Gay-Friendly Indianapolis Businesses Are Displaying ‘Open For Service’ Stickers To Welcome Any And All Patrons
In response to proposed legislation that some say would allow Indiana businesses to openly discriminate against gays, some Indianapolis business are displaying stickers announcing that they are “Open for Service” to all customers, The Indianapolis Star is reporting.
Indiana, like other states (including Oklahoma), is considering legislation that, depending on your point of view, either protects religious business owners from being forced to violate their religious beliefs, or provides a carte blanche for bigoted business owners to discriminate against minority customers – in particular, LGBTQ customers.
In fact, several religious business owners throughout the country have found themselves fined, sued or otherwise called to account for their refusal to serve gay customers, on religious grounds. For example, an Oregon baker refused to bake a cake for a same-sex couple’s wedding and is now facing $150,000 in fines, according to this Inquisitr report.
As this rather contentious legal and societal problem plays out in the courts, the state legislatures, and on the floors of the businesses involved, Indianapolis resident Josh Driver, 33, has started the Open for Service project.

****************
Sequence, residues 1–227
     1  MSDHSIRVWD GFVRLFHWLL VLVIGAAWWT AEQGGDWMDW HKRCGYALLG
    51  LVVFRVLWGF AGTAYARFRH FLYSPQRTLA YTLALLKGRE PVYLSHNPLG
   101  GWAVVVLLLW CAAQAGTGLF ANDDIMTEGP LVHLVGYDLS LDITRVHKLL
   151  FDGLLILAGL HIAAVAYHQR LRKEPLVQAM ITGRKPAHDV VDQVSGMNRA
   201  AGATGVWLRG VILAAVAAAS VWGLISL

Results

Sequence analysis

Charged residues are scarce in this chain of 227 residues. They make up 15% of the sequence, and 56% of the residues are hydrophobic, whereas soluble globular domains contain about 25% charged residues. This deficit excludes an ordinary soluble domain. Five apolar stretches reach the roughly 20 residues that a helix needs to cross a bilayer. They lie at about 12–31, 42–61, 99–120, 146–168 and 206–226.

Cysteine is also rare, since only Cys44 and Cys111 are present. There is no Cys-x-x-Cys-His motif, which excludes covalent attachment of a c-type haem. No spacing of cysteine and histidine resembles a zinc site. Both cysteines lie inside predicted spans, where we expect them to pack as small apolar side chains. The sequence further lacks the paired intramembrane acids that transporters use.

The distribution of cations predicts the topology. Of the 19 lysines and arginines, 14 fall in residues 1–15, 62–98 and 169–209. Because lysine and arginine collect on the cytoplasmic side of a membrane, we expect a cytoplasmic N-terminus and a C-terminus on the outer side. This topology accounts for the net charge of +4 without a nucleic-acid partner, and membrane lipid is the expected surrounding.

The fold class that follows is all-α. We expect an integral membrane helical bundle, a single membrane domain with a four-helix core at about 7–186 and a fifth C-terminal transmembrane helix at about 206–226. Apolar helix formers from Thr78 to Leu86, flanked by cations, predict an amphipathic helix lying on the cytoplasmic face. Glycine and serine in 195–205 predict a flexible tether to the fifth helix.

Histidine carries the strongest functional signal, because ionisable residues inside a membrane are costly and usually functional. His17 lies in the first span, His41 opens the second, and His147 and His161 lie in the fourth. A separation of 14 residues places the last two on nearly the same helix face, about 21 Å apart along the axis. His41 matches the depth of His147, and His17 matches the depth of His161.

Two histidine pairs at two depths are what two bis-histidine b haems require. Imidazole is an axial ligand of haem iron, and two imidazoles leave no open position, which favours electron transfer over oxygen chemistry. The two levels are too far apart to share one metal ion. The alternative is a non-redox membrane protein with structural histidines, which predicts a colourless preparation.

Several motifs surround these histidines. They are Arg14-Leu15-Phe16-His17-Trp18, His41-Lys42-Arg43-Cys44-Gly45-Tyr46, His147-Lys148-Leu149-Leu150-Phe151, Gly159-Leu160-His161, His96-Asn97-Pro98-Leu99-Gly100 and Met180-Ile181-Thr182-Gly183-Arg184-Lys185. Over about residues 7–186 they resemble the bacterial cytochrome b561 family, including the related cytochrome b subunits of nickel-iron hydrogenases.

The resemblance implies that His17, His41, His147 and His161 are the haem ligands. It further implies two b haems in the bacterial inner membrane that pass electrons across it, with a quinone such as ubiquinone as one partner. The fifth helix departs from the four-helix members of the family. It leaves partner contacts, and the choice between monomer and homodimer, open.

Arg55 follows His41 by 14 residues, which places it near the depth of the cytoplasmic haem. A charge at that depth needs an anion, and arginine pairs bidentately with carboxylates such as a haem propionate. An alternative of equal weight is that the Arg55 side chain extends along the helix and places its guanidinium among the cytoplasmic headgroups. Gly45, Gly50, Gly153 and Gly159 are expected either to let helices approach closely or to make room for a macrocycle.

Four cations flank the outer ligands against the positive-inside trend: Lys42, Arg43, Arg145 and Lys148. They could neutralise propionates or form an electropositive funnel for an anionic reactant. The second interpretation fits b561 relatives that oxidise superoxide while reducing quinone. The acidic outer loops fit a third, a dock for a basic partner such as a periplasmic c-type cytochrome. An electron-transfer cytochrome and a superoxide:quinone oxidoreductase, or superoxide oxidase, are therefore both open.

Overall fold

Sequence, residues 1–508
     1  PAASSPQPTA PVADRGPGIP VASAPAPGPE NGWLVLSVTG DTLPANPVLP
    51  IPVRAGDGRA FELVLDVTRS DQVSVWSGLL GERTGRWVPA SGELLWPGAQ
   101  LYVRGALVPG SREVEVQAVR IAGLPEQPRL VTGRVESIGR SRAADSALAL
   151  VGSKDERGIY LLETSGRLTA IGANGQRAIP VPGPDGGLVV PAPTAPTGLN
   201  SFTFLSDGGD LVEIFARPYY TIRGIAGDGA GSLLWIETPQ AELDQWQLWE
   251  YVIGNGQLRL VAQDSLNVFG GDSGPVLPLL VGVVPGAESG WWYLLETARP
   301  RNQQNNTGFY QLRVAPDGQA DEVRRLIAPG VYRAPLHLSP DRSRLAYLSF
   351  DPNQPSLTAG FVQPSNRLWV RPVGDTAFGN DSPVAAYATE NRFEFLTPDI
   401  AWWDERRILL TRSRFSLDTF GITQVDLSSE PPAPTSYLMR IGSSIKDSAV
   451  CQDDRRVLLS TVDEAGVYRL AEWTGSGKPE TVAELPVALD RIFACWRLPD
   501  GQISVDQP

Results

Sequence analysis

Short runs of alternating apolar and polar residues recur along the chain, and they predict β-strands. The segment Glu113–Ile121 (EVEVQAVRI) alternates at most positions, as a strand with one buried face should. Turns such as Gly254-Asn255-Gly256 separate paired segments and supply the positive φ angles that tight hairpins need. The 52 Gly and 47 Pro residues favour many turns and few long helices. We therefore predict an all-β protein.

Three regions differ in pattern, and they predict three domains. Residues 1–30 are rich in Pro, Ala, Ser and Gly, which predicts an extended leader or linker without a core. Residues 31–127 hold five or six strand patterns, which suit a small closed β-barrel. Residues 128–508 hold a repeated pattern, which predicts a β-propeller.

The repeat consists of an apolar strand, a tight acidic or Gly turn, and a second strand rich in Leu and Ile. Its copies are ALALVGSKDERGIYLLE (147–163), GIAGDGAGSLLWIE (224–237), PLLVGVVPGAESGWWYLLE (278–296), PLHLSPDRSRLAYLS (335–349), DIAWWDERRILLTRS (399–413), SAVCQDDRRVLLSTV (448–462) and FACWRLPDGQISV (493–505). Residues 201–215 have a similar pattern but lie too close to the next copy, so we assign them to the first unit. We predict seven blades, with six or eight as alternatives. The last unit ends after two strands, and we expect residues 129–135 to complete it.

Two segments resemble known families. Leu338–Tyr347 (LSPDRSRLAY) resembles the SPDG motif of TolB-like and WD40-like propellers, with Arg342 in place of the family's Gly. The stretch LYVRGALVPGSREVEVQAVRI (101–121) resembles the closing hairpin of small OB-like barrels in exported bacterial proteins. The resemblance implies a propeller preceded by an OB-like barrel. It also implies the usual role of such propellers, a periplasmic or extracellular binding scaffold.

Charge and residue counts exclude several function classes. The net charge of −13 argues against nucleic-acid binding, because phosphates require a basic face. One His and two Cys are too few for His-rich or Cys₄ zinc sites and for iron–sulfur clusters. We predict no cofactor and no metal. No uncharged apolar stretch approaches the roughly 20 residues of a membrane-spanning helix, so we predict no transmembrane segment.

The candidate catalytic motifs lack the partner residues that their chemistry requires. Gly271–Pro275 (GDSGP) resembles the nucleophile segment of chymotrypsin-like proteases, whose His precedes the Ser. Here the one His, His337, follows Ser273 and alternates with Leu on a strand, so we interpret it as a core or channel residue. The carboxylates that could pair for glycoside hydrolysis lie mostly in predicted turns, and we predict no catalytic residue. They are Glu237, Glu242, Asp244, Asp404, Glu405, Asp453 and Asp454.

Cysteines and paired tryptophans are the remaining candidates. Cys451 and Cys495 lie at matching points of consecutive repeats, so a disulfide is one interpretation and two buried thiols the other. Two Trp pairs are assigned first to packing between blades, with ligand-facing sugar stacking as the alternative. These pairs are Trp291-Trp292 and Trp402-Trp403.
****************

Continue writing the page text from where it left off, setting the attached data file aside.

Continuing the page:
“We are a non-partisan, non-judgemental [sic] group looking to provide a grassroots network for people to support businesses that open their doors for everyone – Black, White, Gay, Straight, Christian, Athiest (sic)… well, you get our drift.”
Driver’s organization is selling “Open for Service” stickers that gay-friendly (or everyone-friendly) businesses can put in their windows. For $10, you get the sticker and your business listed in an online directory that Driver jokingly calls “an anti-discrimination Angie’s List, so to speak.” Proceeds go to SCORE – a small business advocacy network.
Driver insists that the “Open for Service” stickers are not intended as a political statement.
“We’re not looking to target businesses that don’t want to get on board. This is more of a celebration.”
Kristin Kohn, who owns the Silver in the City gift shop in downtown Indianapolis, proudly displays an “Open for Service” sticker.
“Nobody would be turned away from patronizing our business based on who they are or what they believe. I want all of our visitors to feel welcome in Indianapolis. It’s a fight back at what I believe to be a very negative image that the rest of the nation might feel toward Indiana based on this bill.”
As of this post, some 20 Indianapolis businesses have purchased the “Open for Service” stickers.